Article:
Here $J(k)$ is the $k$-space representation of the current, $k^2:=k^\mu k_\mu$, and $\epsilon$ is a small real parameter we can set to $0$ in some calculations to recover a finite physical result. The denominator is a complex number of very little imaginary part, so the "real" case $k^2=m^2$ maximises the integrand's modulus. Virtual $k^\mu$ far from this condition make a heavily suppressed but non-zero contribution to the phase $W$, and classical physics neglects this option altogether. You may want to compare the real case to resonance in classical physics: factors of $c,\,\hbar$ let us think of $k^\mu$ as either a four-momentum or a four-frequency, analogous to a resonant frequency.

Just as quantum mechanics reveals classical states for a system comprising a given number of particles can be superposed, quantum field theory allows even the particle number to be uncertain. We cannot reduce the problem to saying, "there are this many particles of each species": instead we superpose over such options. Virtual particles characterise this, but to speak of them "becoming real" warrants a bit of clarification. The number of real particles can change (if the Lagrangian contains such terms as to allow it) due to $k^\mu$-transferring interactions of one or more quantum fields, including with existing real particles, which are really just one way that fields manifest themselves.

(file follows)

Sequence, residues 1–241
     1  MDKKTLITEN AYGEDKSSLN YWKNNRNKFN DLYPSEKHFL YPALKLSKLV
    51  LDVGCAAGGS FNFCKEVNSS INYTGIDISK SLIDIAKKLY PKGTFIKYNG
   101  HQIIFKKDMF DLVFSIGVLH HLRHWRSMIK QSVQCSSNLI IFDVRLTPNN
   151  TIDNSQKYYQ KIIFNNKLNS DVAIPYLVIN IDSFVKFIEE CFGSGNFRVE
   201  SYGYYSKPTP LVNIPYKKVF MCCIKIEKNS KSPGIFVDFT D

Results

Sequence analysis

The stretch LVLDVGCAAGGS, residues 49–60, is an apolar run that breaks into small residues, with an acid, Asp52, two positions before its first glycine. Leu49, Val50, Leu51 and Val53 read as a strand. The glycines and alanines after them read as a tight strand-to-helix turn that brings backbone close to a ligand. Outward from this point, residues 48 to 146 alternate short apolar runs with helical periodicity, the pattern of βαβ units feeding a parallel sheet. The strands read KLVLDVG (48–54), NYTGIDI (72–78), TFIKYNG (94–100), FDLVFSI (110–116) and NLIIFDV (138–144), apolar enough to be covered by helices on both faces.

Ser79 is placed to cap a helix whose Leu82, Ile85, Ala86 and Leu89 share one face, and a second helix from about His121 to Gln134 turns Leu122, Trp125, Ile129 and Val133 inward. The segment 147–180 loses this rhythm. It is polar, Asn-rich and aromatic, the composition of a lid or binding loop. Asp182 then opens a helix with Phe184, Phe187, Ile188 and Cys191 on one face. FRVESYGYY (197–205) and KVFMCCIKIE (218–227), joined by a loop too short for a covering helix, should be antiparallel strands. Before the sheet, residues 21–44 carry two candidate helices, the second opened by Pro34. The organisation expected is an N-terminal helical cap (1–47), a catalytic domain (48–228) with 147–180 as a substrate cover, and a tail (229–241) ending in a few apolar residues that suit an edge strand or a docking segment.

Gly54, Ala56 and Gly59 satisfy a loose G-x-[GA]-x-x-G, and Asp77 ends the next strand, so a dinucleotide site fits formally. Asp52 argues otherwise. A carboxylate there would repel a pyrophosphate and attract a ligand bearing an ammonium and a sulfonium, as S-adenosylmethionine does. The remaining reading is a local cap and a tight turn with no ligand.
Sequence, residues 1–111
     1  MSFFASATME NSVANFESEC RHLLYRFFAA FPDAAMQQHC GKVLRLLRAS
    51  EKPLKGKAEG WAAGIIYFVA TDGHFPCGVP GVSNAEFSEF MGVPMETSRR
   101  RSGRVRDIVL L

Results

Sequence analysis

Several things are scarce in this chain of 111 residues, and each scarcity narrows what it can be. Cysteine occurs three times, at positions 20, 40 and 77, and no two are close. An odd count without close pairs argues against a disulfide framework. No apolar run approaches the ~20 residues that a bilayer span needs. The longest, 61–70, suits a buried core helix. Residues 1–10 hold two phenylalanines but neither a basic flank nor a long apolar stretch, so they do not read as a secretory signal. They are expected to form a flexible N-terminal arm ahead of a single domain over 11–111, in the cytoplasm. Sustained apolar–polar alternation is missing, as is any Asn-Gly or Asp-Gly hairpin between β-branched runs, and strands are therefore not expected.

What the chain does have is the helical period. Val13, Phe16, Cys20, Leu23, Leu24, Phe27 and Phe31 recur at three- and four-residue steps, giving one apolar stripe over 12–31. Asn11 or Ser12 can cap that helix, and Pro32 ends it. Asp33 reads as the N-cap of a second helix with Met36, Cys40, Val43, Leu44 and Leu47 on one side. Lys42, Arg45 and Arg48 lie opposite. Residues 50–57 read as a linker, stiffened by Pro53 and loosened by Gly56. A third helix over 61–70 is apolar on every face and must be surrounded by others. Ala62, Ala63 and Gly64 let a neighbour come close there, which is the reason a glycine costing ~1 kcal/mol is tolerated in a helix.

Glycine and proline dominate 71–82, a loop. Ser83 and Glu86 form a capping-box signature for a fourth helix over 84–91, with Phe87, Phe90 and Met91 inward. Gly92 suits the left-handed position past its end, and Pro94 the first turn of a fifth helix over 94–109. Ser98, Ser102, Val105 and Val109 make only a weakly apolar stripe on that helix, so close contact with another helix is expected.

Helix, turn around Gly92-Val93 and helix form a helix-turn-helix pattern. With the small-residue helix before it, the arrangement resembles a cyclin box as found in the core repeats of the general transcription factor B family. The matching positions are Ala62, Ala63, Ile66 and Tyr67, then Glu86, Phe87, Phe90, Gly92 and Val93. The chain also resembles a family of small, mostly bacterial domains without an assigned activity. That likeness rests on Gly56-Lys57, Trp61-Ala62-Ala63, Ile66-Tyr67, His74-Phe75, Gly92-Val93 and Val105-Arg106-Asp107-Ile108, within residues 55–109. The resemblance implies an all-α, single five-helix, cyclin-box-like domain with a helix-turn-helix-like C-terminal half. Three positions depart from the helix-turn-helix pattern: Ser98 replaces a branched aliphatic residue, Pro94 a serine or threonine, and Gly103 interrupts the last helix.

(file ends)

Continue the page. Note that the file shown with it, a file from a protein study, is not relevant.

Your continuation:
• $\begingroup$ Lancaster and in parts Srednicki and Zee. My question is actually more about the amplitude between vacuum and a particle/antiparticle pair as external states and not so much about the single particle propagation amplitude you mentioned. $\endgroup$ – maroba Apr 28 '18 at 20:00
  1. leptons (electron) and quarks, that build up matter, were created with pair creation.

  2. that means, that a matter-antimatter pair can be created out of vacuum (and can annihilate too into vacuum), this pair creation (and annihilation) is going on in every neutron and proton all the time, because neutrons and protons are made up of not just valence quarks, but a sea of quark-antiquark pairs, the net of that sea are the 3 valence quarks

  3. now why do we see more matter then antimatter? that is baryon asymmetry

  4. now you are saying that it is virtual particles, actually virtual particles (their mass is off shell) are a mathematical way to describe the forces (EM, strong, weak, gravity) that act between particles


protected by Qmechanic Apr 28 '18 at 16:59